As David Ferry, a dangerously paranoid homosexual who is connected somehow to the Kennedy Assassination, Pesci was alarmingly intense and frightening in his zealot beliefs and mounting paranoia. Homosexual at a time when coming out was dangerous, Ferrie ran with radical political groups that were anti-Castro but mostly anti-anyone else with a deep disdain for Kennedy. Knowing he knew far more than he should to stay alive, he is right in that his days are numbered. Pesci is truly alarming in the wild, terrified intensity he brings to David, brilliant in a massive film that should have seen him again nominated for Best Supporting Actor.,
4. CASINO (1995)
Comparisons were drawn between this character, Nicky Santoro and his character on Goodfellas, Tommy, but the only thing they share is their bloodlust. While Tommy was psychotic, a killer, Nicky moves to Las Vegas to run the criminal underworld and quickly is doing just that. He will kill if betrayed, if crossed, but only as a last resort. He prefers to take, by force. The trouble is he does not care who he takes from, including his bosses in the mob, and when he violates unwritten rules, stealing from the mob, sleeping with Ace Rothstein’s dangerous wife, he has to go. His death scene is horrific, forced to watch his young brother beaten to death with aluminum baseball bats, his same fate before being buried alive, tossed in a hole, dirt tossed on him as he still breathes. It is a profoundly powerful portrayal of a very dangerous man, who tried to take over Vegas, paying with his life. Stunning. How did the Academy miss this?
3. RAGING BULL (1980)
Pesci’s major breakthrough earned him rave reviews, several critics awards and an Oscar nomination for Best Supporting Actor. He is Joey LaMotta, brother, manager, long-suffering best friend to his vicious, volatile brother Jake. Together they rise in the world of middleweight boxing, all the way to the top, before a long painful fall. Joey speaks frankly to his brother, the only one who can truly speak the truth to his volatile brother, though often at his peril. Joey never forgives Jake for accusing him of sleeping with his wife, the beating matters not, but the accusation wounds him beyond repair. Pesci gave a stunning performance in the film, instantly an acting icon, electrifying audiences with his intense work. Though not as violent as his older brother, he can still explode in rage, which is horrific to see, a violence from the very pit of his soul. The beginning of an extraordinary career and his first Oscar nomination, along with a host of critics awards.
2. GOODFELLAS (1990)
Pesci won the Academy Award for Best Supporting Actor for his hot-headed, murderous psychopath Tommy De Vito in Martin Scorsese’s greatest achievement. His terrifying “Do you think I’m funny” is among the most intensely alarming scenes in modern movies as we expect Tommy to pull a gun and kill his friend Henry at any moment. He does just that to an underling who lips back at a card game, blowing the kid across the room. Pesci radiates absolute danger in the film, this guy does not bark, he bites. When he kills a made guy, eats dinner at his mother’s house, then hacks the body apart before burying it we gain insight into his madness, his entitlement at believing he had the right to do so. Yet on the day, Tommy is to be made, he walks into an empty room and in an instant knows he is a dead man. It is to Pesci’s staggering talent, we mourn his death.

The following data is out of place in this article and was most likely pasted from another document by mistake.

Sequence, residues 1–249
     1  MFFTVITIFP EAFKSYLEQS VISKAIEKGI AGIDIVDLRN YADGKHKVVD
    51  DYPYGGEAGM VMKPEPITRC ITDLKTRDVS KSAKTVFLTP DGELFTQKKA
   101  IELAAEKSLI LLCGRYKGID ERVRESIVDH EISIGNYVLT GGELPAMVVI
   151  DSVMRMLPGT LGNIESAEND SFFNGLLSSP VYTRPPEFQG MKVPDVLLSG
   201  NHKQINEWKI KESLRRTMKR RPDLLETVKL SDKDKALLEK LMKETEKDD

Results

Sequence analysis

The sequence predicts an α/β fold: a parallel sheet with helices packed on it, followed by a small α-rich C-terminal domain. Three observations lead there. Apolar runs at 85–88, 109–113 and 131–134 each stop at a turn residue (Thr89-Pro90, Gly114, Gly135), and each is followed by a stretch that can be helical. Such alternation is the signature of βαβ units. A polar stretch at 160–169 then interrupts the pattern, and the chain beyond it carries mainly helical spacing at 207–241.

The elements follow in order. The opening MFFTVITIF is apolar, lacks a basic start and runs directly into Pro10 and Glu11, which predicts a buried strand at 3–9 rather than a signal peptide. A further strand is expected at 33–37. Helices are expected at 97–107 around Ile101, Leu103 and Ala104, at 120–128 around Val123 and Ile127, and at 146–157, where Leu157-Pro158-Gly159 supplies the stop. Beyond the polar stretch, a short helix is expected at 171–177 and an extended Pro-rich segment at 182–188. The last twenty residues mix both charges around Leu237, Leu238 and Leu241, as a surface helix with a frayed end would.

1. THE IRISHMAN (2019)
After being absent from the screen for a decade, Robert De Niro and Martin Scorsese brought Pesci back and he gave the finest performance of his career in a role no one saw coming. After his volatile, murderous gangsters for Scorsese in two previous films, as well as hot-headed Joey LaMotta he is quietly dignified, graceful, but just as deadly as gentleman mob chieftain Russell Bufalino. Befriending Frank Sheeran, The Irishman of the title, Bufalino ushers him into the halls of great power, introducing him to Teamsters chief Jimmy Hoffa (Al Pacino). Yet when Hoffa has outlived his use to the mob, it is quiet, dangerous Russell who gives the order to take Hoffa out. Never raising his voice, always watching and listening, the purity of Pesci’s astonishing, confident performance shows a genius he had not yet shown. A second Academy Award seems reasonable for this utterly brilliant performance, filled with melancholy and immense sadness.
One of Canada’s best-known film critics, he spent 10 years on TV as co-host of Reel to Real, and another 10 in education (still writing as a critic) as Director of the Toronto Film School, where he created the curriculum for three programs and taught film history. Film has always been his passion. He has written for magazines such as Toronto Life, Fashion and Hollywood North, been quoted in the Los Angeles and New York Times, as well as the major Toronto dailies. Online he has written for such sites as The Wrap, In Contention, Awards Circuit and The Cinemaholic. His first book Clint Eastwood – Evolution of a Filmmaker, was published in 2010. His second Steven Spielberg: American Film Visionary, a massive volume, has just found a publisher and he’s working on American Film Renaissance – 1967-2018 with Nick Maylor. As a critic, he has had the good fortune to interview directors and stars such as Martin Scorsese, Francis Ford Coppola, Clint Eastwood, Meryl Streep, Tom Hanks, Tom Cruise, Robert Duvall, Emma Stone, Jane Fonda, and countless others. As he quips, “Everyone but Jack Nicholson!”